# # Aho-Corasick Automaton

## # Exercises

### #CF1400F - x-prime Substrings (opens new window)

Hint 1

We can enumerate all x-prime strings via DFS.

Hint 2

We can build an Aho-Corasick automaton with the generated strings.

Hint 3

Consider two types of transitions:

• Discard the current digit, and increase the cost by $1$.
• Keep the current digit, and move on the Aho-Corasick automaton. This transition is prohibited if the target position is marked.

Tips

In this specific problem, no $x$-prime string is a suffix of another $x$-prime string, otherwise they will have different digit sums. In consequence, we do not need to follow fail pointers when moving on the automaton. However, do note that this is seldom the case, or you might get WA on other ACA problems (like me on ADAJOBS).

Code (C++)
#include <cstring>
#include <iostream>
#include <queue>
#include <set>
#include <vector>

using namespace std;
const int INF = 0x3f3f3f3f;

struct Node {
int fail = 0, children[9]{};
bool match = false;
};

string s, t;
int x, dp[5005][5005];
set<string> xprime;
vector<int> suffix = {0};
vector<Node> nodes;

void generate_xprime() {
if (suffix[0] == x) {
xprime.insert(t);
return;
}
for (int i = 1; i <= 9 && i + suffix[0] <= x; ++i) {
t.push_back(i + '0');
for (int &j : suffix)
j += i;
suffix.emplace_back(i);
bool ok = true;
for (int &j : suffix)
if (j != x && x % j == 0) {
ok = false;
break;
}
if (ok)
generate_xprime();
suffix.pop_back();
for (int &j : suffix)
j -= i;
t.pop_back();
}
}

void build_aca() {
nodes.emplace_back(Node{});
for (const string &str : xprime) {
int curr = 0;
for (const char &c : str) {
if (!nodes[curr].children[c - '1']) {
nodes[curr].children[c - '1'] = nodes.size();
nodes.emplace_back(Node{});
}
curr = nodes[curr].children[c - '1'];
}
nodes[curr].match = true;
}
queue<int> q;
for (const int &u : nodes[0].children)
if (u)
q.push(u);

while (!q.empty()) {
int u = q.front();
q.pop();
for (int i = 0; i < 9; ++i) {
int &v = nodes[u].children[i];
if (v) {
nodes[v].fail = nodes[nodes[u].fail].children[i];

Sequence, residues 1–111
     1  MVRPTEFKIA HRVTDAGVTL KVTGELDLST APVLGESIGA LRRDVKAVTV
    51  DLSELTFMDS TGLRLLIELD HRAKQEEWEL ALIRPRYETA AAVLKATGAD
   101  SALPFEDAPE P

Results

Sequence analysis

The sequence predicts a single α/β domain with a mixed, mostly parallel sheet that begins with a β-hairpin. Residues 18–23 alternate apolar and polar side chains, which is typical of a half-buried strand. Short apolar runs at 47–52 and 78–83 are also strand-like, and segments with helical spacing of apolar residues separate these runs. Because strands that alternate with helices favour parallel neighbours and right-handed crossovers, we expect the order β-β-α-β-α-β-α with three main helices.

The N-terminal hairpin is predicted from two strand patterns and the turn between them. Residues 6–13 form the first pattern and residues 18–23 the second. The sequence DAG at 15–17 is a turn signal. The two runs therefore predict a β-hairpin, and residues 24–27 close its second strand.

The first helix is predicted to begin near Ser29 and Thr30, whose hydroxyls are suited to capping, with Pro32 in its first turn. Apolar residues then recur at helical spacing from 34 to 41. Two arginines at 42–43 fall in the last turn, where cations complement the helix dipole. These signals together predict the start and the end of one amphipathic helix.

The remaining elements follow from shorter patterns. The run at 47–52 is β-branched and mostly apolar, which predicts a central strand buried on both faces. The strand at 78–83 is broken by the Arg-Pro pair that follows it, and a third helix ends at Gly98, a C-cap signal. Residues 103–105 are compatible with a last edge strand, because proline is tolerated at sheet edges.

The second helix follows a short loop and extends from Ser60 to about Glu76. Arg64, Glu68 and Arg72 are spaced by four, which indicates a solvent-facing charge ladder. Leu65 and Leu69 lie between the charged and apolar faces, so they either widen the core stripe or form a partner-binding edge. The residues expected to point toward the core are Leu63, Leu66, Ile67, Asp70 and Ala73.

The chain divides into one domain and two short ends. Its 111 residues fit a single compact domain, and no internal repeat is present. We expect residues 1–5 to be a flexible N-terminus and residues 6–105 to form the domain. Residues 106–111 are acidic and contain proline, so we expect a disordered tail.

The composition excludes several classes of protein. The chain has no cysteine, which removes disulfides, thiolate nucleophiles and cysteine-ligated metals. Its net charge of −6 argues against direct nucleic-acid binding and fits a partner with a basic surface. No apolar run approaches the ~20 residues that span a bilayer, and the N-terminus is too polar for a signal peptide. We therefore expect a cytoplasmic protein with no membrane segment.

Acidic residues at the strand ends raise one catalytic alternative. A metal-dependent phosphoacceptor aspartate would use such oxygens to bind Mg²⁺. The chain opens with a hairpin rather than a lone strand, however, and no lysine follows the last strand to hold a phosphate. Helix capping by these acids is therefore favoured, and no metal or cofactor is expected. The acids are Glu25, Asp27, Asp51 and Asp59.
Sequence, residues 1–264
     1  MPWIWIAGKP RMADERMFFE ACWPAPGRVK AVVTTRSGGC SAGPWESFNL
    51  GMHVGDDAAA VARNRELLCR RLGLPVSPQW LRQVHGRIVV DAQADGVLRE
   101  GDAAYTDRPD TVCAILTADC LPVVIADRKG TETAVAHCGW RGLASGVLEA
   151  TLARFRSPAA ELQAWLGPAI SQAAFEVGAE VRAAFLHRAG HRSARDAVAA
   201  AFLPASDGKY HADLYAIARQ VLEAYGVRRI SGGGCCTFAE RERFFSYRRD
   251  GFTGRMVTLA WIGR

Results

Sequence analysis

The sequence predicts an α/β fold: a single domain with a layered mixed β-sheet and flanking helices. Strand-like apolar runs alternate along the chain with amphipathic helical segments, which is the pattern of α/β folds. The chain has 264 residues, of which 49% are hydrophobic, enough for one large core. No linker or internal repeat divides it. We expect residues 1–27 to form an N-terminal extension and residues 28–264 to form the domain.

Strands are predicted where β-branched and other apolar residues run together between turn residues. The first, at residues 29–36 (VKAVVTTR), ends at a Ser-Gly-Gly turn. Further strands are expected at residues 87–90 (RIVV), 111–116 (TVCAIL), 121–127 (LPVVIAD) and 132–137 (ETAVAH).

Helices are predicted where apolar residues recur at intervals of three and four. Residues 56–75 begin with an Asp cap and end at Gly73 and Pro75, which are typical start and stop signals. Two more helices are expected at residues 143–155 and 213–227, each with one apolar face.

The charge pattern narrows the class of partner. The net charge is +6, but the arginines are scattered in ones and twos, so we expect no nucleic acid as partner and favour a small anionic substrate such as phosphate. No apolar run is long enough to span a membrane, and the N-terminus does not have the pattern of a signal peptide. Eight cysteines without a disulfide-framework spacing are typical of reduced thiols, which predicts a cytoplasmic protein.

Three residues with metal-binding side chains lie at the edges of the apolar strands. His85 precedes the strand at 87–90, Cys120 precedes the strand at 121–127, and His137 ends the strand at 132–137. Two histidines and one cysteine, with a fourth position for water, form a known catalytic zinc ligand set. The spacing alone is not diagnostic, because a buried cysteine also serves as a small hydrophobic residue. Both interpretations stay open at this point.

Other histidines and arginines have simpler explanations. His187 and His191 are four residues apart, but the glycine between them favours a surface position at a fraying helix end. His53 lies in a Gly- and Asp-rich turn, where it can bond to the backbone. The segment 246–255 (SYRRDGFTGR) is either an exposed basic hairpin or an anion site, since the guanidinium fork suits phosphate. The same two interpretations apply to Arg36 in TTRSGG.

q.push(v);
} else
v = nodes[nodes[u].fail].children[i];
}
}
}

int main() {
cin >> s >> x;

// Step 1: Enumerate all x-prime strings
generate_xprime();

// Step 2: Build Aho-Corasick automaton with x-prime strings
build_aca();

// Step 3: Dynamic programming
memset(dp, 0x3f, sizeof(dp));
int n = s.size(), m = nodes.size(), ans = INF;
dp[0][0] = 0;
for (int i = 0; i < n; ++i)
for (int j = 0; j < m; ++j) {
if (dp[i][j] == INF)
continue;
dp[i + 1][j] = min(dp[i + 1][j], dp[i][j] + 1);
int nxt = nodes[j].children[s[i] - '1'];
if (!nodes[nxt].match)
dp[i + 1][nxt] = min(dp[i + 1][nxt], dp[i][j]);
}
for (int j = 0; j < m; ++j)
ans = min(ans, dp[n][j]);
cout << ans;
}

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### #SPOJ - Ada and Jobs (opens new window)

The challenge lies in that tasks are added dynamically, but we cannot afford reconstructing the whole automaton every time a new word is added.

Hint 1

Store all operations offline. When constructing the automaton, assign every stop node a timestamp indicating its order. Meanwhile, store the number of words in the dictionary at the time a query is made. In this way, we only need to build the ACA once. During matching, we need to find a stop node whose timestamp is no larger than the timestamp of the query.

Hint 2

During matching, we do not need to go all the way up along the fail pointers. Instead, we can push down the timestamp during construction.

Code (C++)
#include <iostream>
#include <queue>
#include <vector>
#define INF 0x3f3f3f3f

using namespace std;

struct Node {
int occur = INF, fail = 0, children[26]{};
};

int main() {
int q;
cin >> q;
vector<string> dict;
vector<pair<int, string>> query;
while (q--) {
int t;
string s;
cin >> t >> s;
if (t == 0)
dict.emplace_back(s);
else
query.emplace_back(dict.size(), s);
}
int m = dict.size();
vector<Node> nodes(1);
for (int i = 1; i <= m; ++i) {
int current = 0;
for (char c : dict[i - 1]) {
if (!nodes[current].children[c - 'a']) {
nodes[current].children[c - 'a'] = nodes.size();
nodes.emplace_back(Node{});
}
current = nodes[current].children[c - 'a'];
}
nodes[current].occur = min(nodes[current].occur, i);
}
queue<int> que;
for (const int &u : nodes[0].children)
if (u)
que.push(u);
while (!que.empty()) {
int u = que.front();

// Push down the timestamp. This is critical.
nodes[u].occur = min(nodes[u].occur, nodes[nodes[u].fail].occur);
que.pop();
for (int i = 0; i < 26; ++i) {
int &v = nodes[u].children[i];
if (v) {
nodes[v].fail = nodes[nodes[u].fail].children[i];
que.push(v);
} else
v = nodes[nodes[u].fail].children[i];
}
}
string ans;
for (auto &[ts, s] : query) {
int current = 0;
bool found = false;
int idx = 0;
while (idx < s.size()) {
char c = s[idx];
if (nodes[current].children[c - 'a']) {
current = nodes[current].children[c - 'a'];
if (nodes[current].occur <= ts) {
ans += "YES\n";
found = true;
break;
}
idx++;
} else {
current = nodes[current].fail;
if (!current)
idx++;
}
}
if (!found)
ans += "NO\n";
}
cout << ans;
}

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